Are you using an old CRT monitor (the big ones)? Well a hacker can actually for less than 100$ tap your screen by rebuilding an old transistor radio and connect it to a notebook. Fun huh?
Are you using a handheld pc (Compaq, Ipaq) and are you using windows ME? Well it's a 400 MHz computer with up to 1 GB RAM, pretty powerful stuff. Question is, are you using a firewall on it when traveling around with it. Reconsider getting the money saved on a firewall for it.
Last issue here is Bluetooth. Bluetooth can also be hacked, so your phone can also be abused and exploited. If a hacker gains access to it he can call long distance numbers, see everything on your phone and even make it call himself so he can hear what you are saying at this top secret meeting. For reference, Bluetooth normally reaches up to 50 meters at max, but at eyesight it might go longer.
I hope this was useful reading to you. Don't be scared about all my horrible examples but be alert for the signs of a hacker. This article was meant to inform you about the concept of a hacker and that they can do bad things. If after reading this, you have decided to be a l33t hAxOr, then you misunderstood the point of everything. However, testing your own system or friend's for breaches can be fun and useful. Just remember to stop at the point of detecting a breach and close your system tighter. If you can manage that, you actually are a hacker (White Hat Hacker), and you are on the nice guy team.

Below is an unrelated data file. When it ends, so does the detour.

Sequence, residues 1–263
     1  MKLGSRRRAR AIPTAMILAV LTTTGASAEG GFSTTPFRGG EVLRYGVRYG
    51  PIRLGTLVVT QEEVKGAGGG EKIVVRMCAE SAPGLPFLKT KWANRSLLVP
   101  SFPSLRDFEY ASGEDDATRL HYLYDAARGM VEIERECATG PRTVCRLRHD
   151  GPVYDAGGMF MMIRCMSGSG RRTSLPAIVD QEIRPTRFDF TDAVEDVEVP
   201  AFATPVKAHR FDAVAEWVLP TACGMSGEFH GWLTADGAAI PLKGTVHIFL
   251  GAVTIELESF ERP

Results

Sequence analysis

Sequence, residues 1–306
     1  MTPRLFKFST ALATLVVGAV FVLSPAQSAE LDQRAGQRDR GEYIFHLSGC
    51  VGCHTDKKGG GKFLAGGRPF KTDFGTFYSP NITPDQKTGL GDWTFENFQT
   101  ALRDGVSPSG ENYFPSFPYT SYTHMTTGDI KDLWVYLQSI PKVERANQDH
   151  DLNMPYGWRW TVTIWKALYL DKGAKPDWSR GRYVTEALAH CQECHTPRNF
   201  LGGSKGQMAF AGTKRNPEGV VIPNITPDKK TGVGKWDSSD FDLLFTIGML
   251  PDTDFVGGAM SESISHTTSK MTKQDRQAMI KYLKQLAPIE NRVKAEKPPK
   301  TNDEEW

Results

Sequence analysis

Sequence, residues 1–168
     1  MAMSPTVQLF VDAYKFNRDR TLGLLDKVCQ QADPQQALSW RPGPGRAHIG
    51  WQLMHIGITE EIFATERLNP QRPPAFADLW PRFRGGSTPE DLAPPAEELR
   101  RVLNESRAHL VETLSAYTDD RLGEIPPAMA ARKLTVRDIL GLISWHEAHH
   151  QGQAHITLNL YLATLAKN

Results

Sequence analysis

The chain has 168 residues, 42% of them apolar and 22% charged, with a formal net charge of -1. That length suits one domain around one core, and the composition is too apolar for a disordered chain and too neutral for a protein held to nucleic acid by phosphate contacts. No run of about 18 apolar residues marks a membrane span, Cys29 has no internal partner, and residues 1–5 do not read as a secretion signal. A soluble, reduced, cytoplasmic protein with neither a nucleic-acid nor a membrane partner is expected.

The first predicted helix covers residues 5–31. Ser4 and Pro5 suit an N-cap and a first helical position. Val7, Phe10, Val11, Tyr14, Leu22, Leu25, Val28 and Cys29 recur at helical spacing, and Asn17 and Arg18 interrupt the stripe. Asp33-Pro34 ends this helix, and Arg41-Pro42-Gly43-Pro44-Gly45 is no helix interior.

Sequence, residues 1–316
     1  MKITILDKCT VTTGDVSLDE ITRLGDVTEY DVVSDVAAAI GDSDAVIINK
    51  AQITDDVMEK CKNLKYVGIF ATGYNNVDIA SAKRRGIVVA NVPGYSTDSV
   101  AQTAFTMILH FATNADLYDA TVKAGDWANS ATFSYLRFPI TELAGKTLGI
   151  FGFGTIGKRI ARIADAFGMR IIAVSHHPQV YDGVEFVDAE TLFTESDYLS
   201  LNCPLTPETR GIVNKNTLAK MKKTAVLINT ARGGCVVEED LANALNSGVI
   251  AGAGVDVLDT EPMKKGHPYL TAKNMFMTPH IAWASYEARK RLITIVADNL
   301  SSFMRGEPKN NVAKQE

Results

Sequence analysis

If an hacker want to get in a system, its only a matter of time. You cant do anything against that... But security systems does not exist to avoid such situations, they exist to make the intrusion as heavy as possible. The most intruders are interesting in efficiency... means minimal effort to get great among of information. Hence, the most home users are not the target of hackers, more of script kiddies... but official systems are much more interesting to intruders, so here all what can be done is a rigid firewall structure and IDS (Intrusion Detection System), in cooperation with the police you can protect your organization pretty well against intrusions. For you, as a home user, it is good to understand a firewall and to use one, using a firewall without understanding it is more dangerous than no firewall, because most users are getting a false feeling of safety behind a small software, which they believe to be a magic box.